CARLSBAD — As the 2020-21 school year comes to a close, many parents are gearing up for a fight heading into next year.
Several hundred parents and their kids took to the streets of Carlsbad on June 5 calling for the state to end mask mandates in schools. Organized and founded by Sharon McKeeman, the Let Them Breathe group is preparing to challenge the state over its guidelines regarding the COVID-19 virus and its transmission among students.
During the rally, McKeeman urged those in attendance to keep up the pressure on the state regarding mask choice in school. She said the state has not “followed” the science or data when it comes to in-person learning and masks in schools.
The state has not released its guidelines for next year, McKeeman said, although the group has sent a demand letter to the California Department of Public Health.
“We’re just advocating for mask choice,” she said. “If a kid wants to wear a mask, that’s fine. But if they don’t want to wear a mask … they should have that choice.”
Carlsbad attorney Scott Davison, meanwhile, was at the forefront of a lawsuit in February with the Parent Association of North County against the state. The association won the suit, which allowed for schools to reopen statewide for secondary students to return to campus.
Davison said the state barely put up a fight, also noting the guidelines and data used to develop the mandates were not grounded in fact. A number of school districts in North County applied for a state waiver to return to in-person and received approval from the County of San Diego.
However, when their applications went before the California health department, the state changed the rules on the fly, Davison said in March, and found the districts were not in compliance.
The group sued in February and was granted an injunction by the court.
Davison said he expects another legal battle for the 2021-22 school year. He, along with McKeeman, urged those in attendance to donate to the legal fund.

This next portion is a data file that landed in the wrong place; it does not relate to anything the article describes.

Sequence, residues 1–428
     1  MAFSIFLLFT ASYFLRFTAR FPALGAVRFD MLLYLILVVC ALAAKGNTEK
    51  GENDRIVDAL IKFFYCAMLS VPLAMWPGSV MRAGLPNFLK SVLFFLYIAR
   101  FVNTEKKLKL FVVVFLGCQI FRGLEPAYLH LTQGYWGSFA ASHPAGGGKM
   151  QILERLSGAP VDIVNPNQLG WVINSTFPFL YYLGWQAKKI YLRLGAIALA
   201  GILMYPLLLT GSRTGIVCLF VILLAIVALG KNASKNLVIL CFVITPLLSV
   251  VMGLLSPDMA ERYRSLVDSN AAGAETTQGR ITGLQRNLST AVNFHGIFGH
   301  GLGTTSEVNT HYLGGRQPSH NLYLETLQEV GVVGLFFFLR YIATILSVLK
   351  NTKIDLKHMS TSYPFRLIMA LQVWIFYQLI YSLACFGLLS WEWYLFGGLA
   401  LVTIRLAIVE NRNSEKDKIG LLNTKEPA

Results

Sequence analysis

“We’ve been fighting all year to get our kids back in school, and we won that fight,” Davison said. “Kids aren’t spreading COVID at school, kids are coming to school with COVID very rarely and schools are the safest place for them to be. And a judge agreed with us. We’re convinced the state is going to do the same thing this fall.”
Duncan Brown, president of the San Dieguito Faculty Association, said his union has not taken a “formal” position on masks. Since the state has yet to release the new guidelines, he said at this point it’s too early to commit to a position, although he said it is likely his school district, San Dieguito Union High School District, will likely follow whatever the state decides.
However, when it comes to safety, he said the union will work to protect students and staff, noting some classrooms with more than 30 students and windows that don’t open exist and pose challenges.
“The safety of our working unit and students is of paramount importance,” Brown said. “We will err on the side of caution.”
As for the rally, McKeeman led the speakers, who also included Davison, 76th Assembly candidate Melanie Burkholder and several others, including a teacher from Vista.
Additionally, McKeeman said the group organized a number of marches around the state, tapping into thousands of parents who support their mission. One march included parents walking on the state capitol in Sacramento, she said.
One of the group’s talking points has been the state’s reduction in COVID-19 cases, along with low transmission rates among children. According to the L.A. Times, the Centers for Disease Control reported the state’s seven-day case rate was at 11 per 100,000 on June 7 and positivity rates are less than 5%.
California is tied with Nebraska for the third-lowest states for transmission, behind just Vermont and South Dakota, according to the Times.
“Adults have the choice to be vaccinated or not,” McKeeman said. “Anyone who is high-risk has had that option to be vaccinated. Our kids aren’t at high risk for COVID, the science is clear about that. But we’re seeing their mental health is really in crisis.”